On the way to Canada, the speed of Anna’s car makes the countryside colorless and cloud-like. You fall asleep often. You dream of you and your friends building a fire near a cornfield on the side of the road, crouching over it, letting it spread, burning the landscape down.
After two days on the road, you pick up Wendy.
“You guys look so tired and pretty,” Wendy says as you drive away from her mother’s house.
You note with pleasure that she is right; that if photographed from the right angle, smoke pooling out of the windows of Anna’s car, all off-the-shoulder tops and dangly earrings, the three of you could be an advertisement for bad examples on a billboard PSA.
Wendy sucks on a rolled cigarette and blows it out the side of her mouth. “Lara.” She grabs the top of your arm. “How was your summer, baby girl?”
Except for you, actually. You would be the one off to the side, hunched and lost, imploring the viewer to consider the benefits of the D.A.R.E. program.
“Stupid,” you reply.
Anna rolls her eyes. “Lara’s a Debbie Downer. Everything’s been bad and stupid.”
“But it was stupid, compared to both of your summers,” you say, and take a sip of vodka-bittered orange juice.
Anna had met a self-proclaimed shaman in Hawaii over the summer. He told her that evil spirits can be mistaken for dehydration. Anna didn’t believe him, but even after she consumed nothing but coconut water for several days, hot, dark shadows were haunted her mother’s yurt. She’d left Hawaii early. Because something was evil was going to happen, Anna had told you, grinning as the two of you drove through Ohio. She could feel it.
You buy gas somewhere across the border and it is much more expensive than the U.S. The man behind the counter takes your credit card, watching your friends wash the windows of the car over your shoulder. You follow his gaze.
Over the year and a half that you have known them, their beauty has become a fact, something that happens all around you but you only remember once in a while, like photosynthesis or gravity. Lately it has become more pronounced. They had both gotten sun, and this way of doing things like they had done them a thousand times before.
From the backseat, Wendy talks about her summer in Central America. She didn’t go to that Zapatista convention. Instead, she found a former Israeli soldier on vacation. The two of them rented an isolated hut on a Colombian beach and didn’t leave it for ten days. Like a goddamn movie.
Wendy looks at you in the rearview mirror. “Now you tell me a story.”
You rack your brain. It is so difficult to distinguish from day to day.
“Well, in July sometime, there was this guy who left his number on a napkin and I called him up. So we end up going to Spangles, this fast food restaurant. Anyway, we went back to his house after and it turns out he was studying to be a male nurse. So we get drunk and we watch something and we start to make out.”
“Good!” Anna says, hitting the steering wheel. “See, this is good. No more Dan.”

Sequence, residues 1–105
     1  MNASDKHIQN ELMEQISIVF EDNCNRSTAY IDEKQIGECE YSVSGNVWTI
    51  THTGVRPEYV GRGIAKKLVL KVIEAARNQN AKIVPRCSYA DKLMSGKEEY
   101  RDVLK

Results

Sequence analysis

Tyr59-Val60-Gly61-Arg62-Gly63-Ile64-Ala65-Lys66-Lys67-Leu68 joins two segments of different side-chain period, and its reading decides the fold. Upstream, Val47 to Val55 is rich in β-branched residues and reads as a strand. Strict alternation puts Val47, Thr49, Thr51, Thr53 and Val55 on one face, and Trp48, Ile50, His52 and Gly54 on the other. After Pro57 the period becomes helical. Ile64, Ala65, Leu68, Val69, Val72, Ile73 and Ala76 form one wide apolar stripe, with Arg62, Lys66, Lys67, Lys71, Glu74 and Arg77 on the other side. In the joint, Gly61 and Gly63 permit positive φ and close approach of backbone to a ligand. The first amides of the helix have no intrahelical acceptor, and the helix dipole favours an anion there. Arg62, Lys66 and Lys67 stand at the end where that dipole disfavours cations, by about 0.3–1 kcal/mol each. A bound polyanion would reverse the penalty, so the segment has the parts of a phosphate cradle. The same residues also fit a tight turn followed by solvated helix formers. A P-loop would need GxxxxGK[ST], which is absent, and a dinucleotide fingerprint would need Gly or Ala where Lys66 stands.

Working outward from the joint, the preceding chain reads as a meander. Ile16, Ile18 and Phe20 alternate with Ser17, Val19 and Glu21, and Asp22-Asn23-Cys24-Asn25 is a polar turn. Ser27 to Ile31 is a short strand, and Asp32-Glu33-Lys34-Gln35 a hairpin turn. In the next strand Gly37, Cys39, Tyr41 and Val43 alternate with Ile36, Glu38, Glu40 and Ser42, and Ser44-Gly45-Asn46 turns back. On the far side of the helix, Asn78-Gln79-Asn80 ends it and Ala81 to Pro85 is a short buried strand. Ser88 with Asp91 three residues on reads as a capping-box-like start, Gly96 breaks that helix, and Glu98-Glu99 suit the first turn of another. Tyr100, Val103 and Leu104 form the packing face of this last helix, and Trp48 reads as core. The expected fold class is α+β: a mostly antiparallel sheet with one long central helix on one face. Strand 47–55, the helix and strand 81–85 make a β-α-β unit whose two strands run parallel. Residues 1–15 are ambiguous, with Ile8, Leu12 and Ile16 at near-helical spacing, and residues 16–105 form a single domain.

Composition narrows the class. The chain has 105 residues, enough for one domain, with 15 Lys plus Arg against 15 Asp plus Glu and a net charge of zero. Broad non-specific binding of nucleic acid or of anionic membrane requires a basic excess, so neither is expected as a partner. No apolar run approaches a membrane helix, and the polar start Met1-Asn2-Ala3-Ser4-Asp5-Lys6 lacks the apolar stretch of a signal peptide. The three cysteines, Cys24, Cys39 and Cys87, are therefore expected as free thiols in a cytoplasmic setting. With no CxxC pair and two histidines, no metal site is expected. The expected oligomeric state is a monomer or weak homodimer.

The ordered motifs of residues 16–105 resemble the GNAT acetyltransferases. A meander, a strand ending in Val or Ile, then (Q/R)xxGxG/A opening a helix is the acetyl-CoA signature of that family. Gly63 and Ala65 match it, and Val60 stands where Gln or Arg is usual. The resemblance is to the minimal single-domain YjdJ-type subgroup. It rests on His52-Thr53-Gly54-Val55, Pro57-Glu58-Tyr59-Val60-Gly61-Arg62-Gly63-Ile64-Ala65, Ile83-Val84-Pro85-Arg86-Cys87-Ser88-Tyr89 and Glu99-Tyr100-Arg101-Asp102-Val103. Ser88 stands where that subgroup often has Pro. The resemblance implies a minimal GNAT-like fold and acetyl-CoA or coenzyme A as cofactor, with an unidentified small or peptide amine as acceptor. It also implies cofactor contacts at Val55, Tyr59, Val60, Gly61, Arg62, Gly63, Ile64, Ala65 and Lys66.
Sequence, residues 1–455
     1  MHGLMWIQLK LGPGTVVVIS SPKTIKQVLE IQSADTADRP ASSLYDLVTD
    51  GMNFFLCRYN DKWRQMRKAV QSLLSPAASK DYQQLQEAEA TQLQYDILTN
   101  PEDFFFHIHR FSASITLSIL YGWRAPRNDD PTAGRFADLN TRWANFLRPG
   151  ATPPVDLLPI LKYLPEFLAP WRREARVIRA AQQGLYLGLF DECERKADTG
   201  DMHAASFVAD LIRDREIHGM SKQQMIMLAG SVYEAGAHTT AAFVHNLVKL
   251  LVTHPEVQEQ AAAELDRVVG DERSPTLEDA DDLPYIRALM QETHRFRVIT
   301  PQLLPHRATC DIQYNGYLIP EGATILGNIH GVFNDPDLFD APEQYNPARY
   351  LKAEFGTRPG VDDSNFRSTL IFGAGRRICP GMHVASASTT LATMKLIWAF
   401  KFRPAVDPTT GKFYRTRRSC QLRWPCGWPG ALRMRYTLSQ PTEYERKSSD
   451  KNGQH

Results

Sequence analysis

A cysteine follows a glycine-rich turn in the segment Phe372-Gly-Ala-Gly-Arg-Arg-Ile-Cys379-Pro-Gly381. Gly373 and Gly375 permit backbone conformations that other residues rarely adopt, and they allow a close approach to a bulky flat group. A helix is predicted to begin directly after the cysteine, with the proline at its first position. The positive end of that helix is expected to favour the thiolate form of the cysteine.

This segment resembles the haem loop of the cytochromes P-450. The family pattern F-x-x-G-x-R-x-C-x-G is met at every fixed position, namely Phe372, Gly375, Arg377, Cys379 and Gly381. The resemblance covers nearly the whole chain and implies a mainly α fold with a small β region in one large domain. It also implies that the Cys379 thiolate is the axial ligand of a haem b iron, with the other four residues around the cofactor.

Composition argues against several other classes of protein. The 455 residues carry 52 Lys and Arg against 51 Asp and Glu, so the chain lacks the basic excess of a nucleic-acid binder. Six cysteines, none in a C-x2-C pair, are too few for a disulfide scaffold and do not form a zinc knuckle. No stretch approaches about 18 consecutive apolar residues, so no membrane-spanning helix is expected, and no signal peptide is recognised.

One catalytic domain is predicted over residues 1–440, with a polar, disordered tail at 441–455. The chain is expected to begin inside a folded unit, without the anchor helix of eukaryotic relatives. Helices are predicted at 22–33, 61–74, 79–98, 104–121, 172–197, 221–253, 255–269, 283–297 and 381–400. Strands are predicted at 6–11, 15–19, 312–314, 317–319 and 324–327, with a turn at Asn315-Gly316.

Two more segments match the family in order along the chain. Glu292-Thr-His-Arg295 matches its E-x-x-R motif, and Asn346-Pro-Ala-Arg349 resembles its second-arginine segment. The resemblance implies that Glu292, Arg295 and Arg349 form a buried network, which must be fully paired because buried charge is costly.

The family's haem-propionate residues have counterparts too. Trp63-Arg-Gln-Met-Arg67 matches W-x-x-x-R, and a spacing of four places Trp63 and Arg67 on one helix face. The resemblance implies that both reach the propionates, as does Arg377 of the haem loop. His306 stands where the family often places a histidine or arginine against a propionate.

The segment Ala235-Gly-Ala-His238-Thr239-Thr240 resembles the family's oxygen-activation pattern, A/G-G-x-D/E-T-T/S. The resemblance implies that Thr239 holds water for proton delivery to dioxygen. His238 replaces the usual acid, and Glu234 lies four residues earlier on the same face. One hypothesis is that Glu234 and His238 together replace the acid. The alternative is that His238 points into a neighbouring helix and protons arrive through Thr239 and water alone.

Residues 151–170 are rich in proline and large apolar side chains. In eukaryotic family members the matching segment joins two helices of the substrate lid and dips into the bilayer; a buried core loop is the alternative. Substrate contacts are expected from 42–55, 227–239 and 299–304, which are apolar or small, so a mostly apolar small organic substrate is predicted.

“But then, he wants to, like, take off my pants,” you say.
“So?” Wendy says.
“And I let him, and he, you know, descends there with his mouth. But then I look over to his coffee table, and there’s this big book lying there. And I’m squinting to read the title on the spine and I realize that it says, ‘Vaginal Anatomy.’ The book is called ‘Vaginal Anatomy’ and this male nurse wants to, like, I don’t know, conduct a scientific study? Like maybe he has a test the next day?”
Wendy has already started to guffaw.
“So I left. I went home.”
The car is silent, just the hum of the wheels going over the highway, David Bowie turned way down. You recall the guy’s name was Michael, pronounced Mick-ale, or something like that.
“Sorry I called you a Debbie Downer,” Anna says, and you tell her it’s fine, you are.
“Well, it’s all over now,” Wendy says.
You want to reply, I hope you’re right, but that is a very Debbie Downer thing to say.
In Montreal, you are staying at a Days Inn. You spy an Applebee’s sign through the window, down the street. There are Applebee’s even here. You feel your skin leaden.
Your final day at the restaurant, your general manager, in lieu of saying goodbye and good luck, had held out her soft, white hand for a high five. Her name was Raz.
Raz would always ask you to have a cigarette with her. You don’t smoke, but Raz would say, “Come anyway,” and the two of you stood by the blue dumpster while Raz shook her head and said, “Motherfucker.” Raz would shift back and forth and never look at you but say things like, “You’re rocking this shift, you know that?” The sun would set behind the Applebee’s fence and Raz would blow out smoke and say, “You’re my star.”
By that, she meant that you learned to not make food-related jokes. You asked before you put lemon slices in the water. You wore the required t-shirt that said, ‘I’m a rib-publican.’
But that is all over now.
You and Anna and Wendy run in from the warm rain, lopsided with a case of beer. The automatic doors close behind you and Anna starts stroking the wall, which is covered by a blown up photo of a forest scene. She leans against it and says, “I love this.”
You drink beers outside when it clears up, because there is no air conditioning. After your fourth, you tell them, “I don’t want to stay at the Days Inn tonight. Why do they have Days Inn in Canada?”
“We have to,” Anna says. “My mom made reservations.”
“I want to sleep on the side of the road.”
“I want to sleep next to the railroad tracks.”
You pour out your beer on the parking lot.
Anna mutters, “What the hell is wrong with you?”
You can’t remember. “I can’t remember,” you say.
“Well, stop it,” Wendy says.
“I can’t just stop—”
“STOP IT,” Anna shouts in your face.
After a silence, Wendy says, “Let’s go out.”
You return inside and try on different combinations of each other’s clothes. Then you walk to a street lined with a rainbow buzzing of bars and clubs. You feel simultaneously saturated and out of place. All you know is basements, your co-workers’ carpeted dens that still smell like last week’s flood, where muted, pregnant teenagers cried on MTV in the background.